Duke is gone.
His family moved out of town. There will be no more midday walks with my favorite dog-walking client. Children and dogs need space, and the new house has a yard where their kids can play and Duke can lie in the shade.
I didn’t know the last time I left him was our final good-bye. For the past year, the routine has been that I arrive to Duke’s home at noon and usually find him zonked on a pink Disney princess blanket. He’s 14 in dog years and going deaf, so waking him always makes me worry he won’t.
Duke was awake and greeted me at the door that last day. It was hot, over 80 degrees, and he plunked his butt onto the pavement by the time we reached the corner.
“I did all my business. I’m sitting,” his heavy breathing seemed to say.
It was a shady spot, so I knelt and scratched Duke behind the ears. He lifted his snout and closed his eyes, as in, “Mmm, that’s what I’m talking about.”
We stayed there for a while, silent and bright. Duke and I have been a perfect match. His aging doggie bladder needs midday relief. I, isolated writer, conflicted grad student, and childless mother, need the wordless warmth and companionship of dogs.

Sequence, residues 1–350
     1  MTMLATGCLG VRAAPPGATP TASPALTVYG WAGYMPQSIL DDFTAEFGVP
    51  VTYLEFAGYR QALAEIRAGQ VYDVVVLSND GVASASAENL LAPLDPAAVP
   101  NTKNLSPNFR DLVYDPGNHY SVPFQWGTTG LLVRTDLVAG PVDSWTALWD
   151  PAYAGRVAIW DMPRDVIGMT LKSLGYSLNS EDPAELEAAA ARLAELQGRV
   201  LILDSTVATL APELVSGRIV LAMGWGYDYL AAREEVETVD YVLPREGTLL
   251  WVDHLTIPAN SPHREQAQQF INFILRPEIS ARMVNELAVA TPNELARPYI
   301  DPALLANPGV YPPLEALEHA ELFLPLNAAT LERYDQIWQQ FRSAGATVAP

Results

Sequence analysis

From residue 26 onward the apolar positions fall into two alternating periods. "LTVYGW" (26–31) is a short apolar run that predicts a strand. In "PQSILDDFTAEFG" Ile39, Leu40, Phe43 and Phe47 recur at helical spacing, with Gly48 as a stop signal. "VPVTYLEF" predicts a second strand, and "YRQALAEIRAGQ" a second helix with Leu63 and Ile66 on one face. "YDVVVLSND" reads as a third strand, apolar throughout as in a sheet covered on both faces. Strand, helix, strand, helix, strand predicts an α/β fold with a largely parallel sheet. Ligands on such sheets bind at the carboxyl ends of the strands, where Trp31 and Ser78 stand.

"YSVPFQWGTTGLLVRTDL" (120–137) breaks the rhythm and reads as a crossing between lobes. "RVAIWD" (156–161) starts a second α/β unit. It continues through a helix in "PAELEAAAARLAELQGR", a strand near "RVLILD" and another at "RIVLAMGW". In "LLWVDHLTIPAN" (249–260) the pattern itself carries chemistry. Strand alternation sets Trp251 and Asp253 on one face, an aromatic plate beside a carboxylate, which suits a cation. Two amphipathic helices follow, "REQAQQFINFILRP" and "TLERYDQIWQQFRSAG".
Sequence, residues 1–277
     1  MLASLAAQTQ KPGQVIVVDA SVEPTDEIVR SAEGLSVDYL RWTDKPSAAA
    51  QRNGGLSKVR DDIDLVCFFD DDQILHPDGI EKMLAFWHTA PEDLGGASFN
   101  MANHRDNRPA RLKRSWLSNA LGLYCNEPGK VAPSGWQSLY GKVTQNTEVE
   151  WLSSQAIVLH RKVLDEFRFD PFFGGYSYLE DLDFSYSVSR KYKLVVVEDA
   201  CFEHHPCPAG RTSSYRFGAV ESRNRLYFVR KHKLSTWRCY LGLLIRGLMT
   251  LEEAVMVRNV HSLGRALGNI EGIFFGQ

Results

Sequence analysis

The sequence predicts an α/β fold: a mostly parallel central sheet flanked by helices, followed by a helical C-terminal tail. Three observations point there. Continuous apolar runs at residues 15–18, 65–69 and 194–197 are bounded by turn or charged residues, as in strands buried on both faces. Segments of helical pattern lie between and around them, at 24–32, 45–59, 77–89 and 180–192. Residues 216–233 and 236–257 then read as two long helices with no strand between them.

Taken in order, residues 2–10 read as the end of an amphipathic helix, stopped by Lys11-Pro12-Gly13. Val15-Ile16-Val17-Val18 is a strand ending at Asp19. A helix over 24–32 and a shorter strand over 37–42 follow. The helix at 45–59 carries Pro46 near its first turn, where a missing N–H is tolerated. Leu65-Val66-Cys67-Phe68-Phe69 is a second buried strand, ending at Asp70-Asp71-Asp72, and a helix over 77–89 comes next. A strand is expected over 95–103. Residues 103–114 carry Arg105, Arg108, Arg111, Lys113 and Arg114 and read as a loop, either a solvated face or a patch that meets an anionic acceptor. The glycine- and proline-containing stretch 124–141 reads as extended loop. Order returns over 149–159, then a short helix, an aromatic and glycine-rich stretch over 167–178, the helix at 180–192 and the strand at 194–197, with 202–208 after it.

We followed our routine when we returned to Duke’s home: take off the leash and harness, fix a doggie cocktail in his bowl (fresh water on the rocks), give three treats and a vigorous belly rub.
“Okay Duke, you be a good boy,” I said from the door.
He watched me from the hallway, ears lifted and head tilted, as in, “You’re leaving?”
“No parties,” were my final words as I closed and locked the door behind me.
I e-mailed his mom later that week to confirm Duke’s schedule for the following week. That’s when I got the news.
“We’re moving next week,” her e-mail said. “Things are sooo hectic. Thanks for everything. Duke will miss you.”
I cried like a kindergartner whose sandbox pal never returned to the playground. It took me an entire day to compose myself and respond with best wishes.
I thought I was pathetic. I’m a professional adult who’s lost worse things than a dog-walking client. Then I realized I was grateful to Duke. Circumstances brought him and his sibling dog Daisy into my life last summer when I was unemployed, unmoored, lonely, and scared. They provided kisses, company, and love without judgement or limit.
I was wrecked when Daisy died in November, but grateful to her, too. She reminded me each moment is a treasure because it can be the last with a being we love. Regret is the worst thing of all and I have none over the time I spent with those two dogs.
I miss Duke. I miss his daily big-dog “WOOF!” greetings. I miss keeping paper towels in my pocket to wipe the drool that dangled from his jowls as we walked. Life has taught me too many times that loss breaks your heart; however, I’m blessed to also know that love makes it strong. Because I loved Daisy and Duke, I can move forward.